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Interventional radiology (IR) is a sub-specialty of radiology where minimally invasive diagnostic and therapeutic procedures are completed using image guidance, such as X-ray, CT scan, ultrasound, and other technologies. Interventional radiology procedures offer very targeted, comfortable, safe and effective alternatives to surgery, and can generally be performed through either a needle or a small catheter instead of an incision.
Some interventional radiology procedures include:
Angiography is a minimally invasive test in which an angiogram or "road map" of the arteries is made. An angiogram looks a lot like an x-ray and is used to plan or guide treatments such as surgery, angioplasty or stent placement.
Catheter-delivered therapies use catheters directed through the arteries under X-Ray, directly to a tumor through its own blood supply. The catheters can deliver medications, decreasing the systemic side effects of the drug while increasing its direct effect on the tumor.
When surgery or radiation may not be viable for large tumors, embolization can reduce the size of the tumor so that patients can become eligible for other treatments, such as surgery or transplant.
Embolization is the injection of tiny particles or other embolic material into the bloodstream that then travel directly to the tumor and disrupts its blood and oxygen supply. Embolization can also be used in various areas of the body such as the liver, kidneys, brain or bones.
Chemoembolization is the latest in interventional radiology treatments for liver cancer. This can be a cancer originating in the liver or a cancer that has spread (metastasized) to the liver from other areas in the body. During chemoembolization, chemotherapy drugs consisting of tiny spheres carrying radioactive particles are injected directly into the artery that supplies blood to the tumor in the liver. Not only does this cut off the flow of oxygen to the tumor, but also delivers a lethal dose of radiation therapy to inside the tumor. This provides direct treatment to the tumor while minimizing the radiation exposure to surrounding healthy tissue. One example of radio-embolization is the use of SIRspheres, radioactive microspheres that are injected into the hepatic artery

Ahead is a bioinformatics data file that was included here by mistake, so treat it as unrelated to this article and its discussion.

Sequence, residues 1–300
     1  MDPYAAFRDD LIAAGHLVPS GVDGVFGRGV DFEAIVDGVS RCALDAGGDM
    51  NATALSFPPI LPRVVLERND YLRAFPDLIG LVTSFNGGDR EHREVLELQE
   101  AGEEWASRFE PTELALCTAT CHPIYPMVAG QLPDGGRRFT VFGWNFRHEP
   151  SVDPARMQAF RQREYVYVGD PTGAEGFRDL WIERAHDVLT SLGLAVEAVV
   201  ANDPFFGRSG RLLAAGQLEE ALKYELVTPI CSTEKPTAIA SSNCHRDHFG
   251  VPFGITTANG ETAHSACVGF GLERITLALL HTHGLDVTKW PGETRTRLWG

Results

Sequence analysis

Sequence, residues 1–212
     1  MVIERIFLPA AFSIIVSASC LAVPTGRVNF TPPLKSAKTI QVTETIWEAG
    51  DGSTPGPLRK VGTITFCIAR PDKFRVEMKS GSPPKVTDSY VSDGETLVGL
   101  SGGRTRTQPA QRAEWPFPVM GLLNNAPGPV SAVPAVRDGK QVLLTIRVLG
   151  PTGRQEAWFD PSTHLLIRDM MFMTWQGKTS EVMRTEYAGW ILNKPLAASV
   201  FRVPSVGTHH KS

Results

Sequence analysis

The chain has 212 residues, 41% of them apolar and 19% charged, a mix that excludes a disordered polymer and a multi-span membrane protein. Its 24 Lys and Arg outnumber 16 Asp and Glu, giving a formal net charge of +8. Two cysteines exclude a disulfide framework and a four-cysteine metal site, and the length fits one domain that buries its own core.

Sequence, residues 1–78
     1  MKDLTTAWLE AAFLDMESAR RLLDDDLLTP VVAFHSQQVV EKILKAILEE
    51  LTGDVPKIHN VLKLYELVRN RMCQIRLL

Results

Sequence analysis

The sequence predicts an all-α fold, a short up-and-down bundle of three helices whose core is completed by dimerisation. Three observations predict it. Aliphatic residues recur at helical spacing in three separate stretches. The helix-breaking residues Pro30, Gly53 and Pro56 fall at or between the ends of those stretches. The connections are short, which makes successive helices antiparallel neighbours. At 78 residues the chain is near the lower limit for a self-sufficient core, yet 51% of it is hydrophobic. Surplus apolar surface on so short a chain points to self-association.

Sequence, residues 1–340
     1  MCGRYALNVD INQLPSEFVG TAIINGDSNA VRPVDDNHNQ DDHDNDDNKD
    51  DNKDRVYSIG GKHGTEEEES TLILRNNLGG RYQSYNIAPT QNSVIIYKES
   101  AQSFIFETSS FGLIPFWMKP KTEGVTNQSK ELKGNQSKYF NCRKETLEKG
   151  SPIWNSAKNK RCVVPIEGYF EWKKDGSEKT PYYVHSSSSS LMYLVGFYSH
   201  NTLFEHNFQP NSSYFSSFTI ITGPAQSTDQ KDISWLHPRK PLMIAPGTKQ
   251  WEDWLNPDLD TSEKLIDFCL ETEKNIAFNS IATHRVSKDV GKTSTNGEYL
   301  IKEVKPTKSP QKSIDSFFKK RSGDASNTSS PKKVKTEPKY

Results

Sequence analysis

Radiofrequency Ablation (RFA) is a procedure done by direct placement of special needles into the tumor through the skin under the guidance of an imaging method such as ultrasound or computed tomography (CT), similar to the way a biopsy is performed. Thermal energy by electrical current through the needle is then delivered, killing the tumor cells by heat. The heat also closes up small blood vessels, thus minimizing the risk of bleeding. Chemical agents, like ethanol, can be injected as well to kill the tumors and enhance the effect of RFA. RFA is ideal for small, focal tumors and is effective in most parts of the body, such as in the liver, kidneys, lungs, bones and other areas.
A biopsy is a procedure where a small amount of tissue is taken for examination by a medical specialist (pathologist). This often provides precise diagnosis so that you and your doctor can make the best possible treatment decisions. Only a few years ago, most biopsies required a surgical operation. Today, medical equipment such as ultrasound, CT and fluoroscopy not only take internal images of the body, but can guide minimally invasive, percutaneous (through the skin) fine needle aspirations or core biopsies under local anesthetic with rapid recovery and minimal risk.
To learn more about any of these radiology procedures or to make an appointment, call 602.406.6700.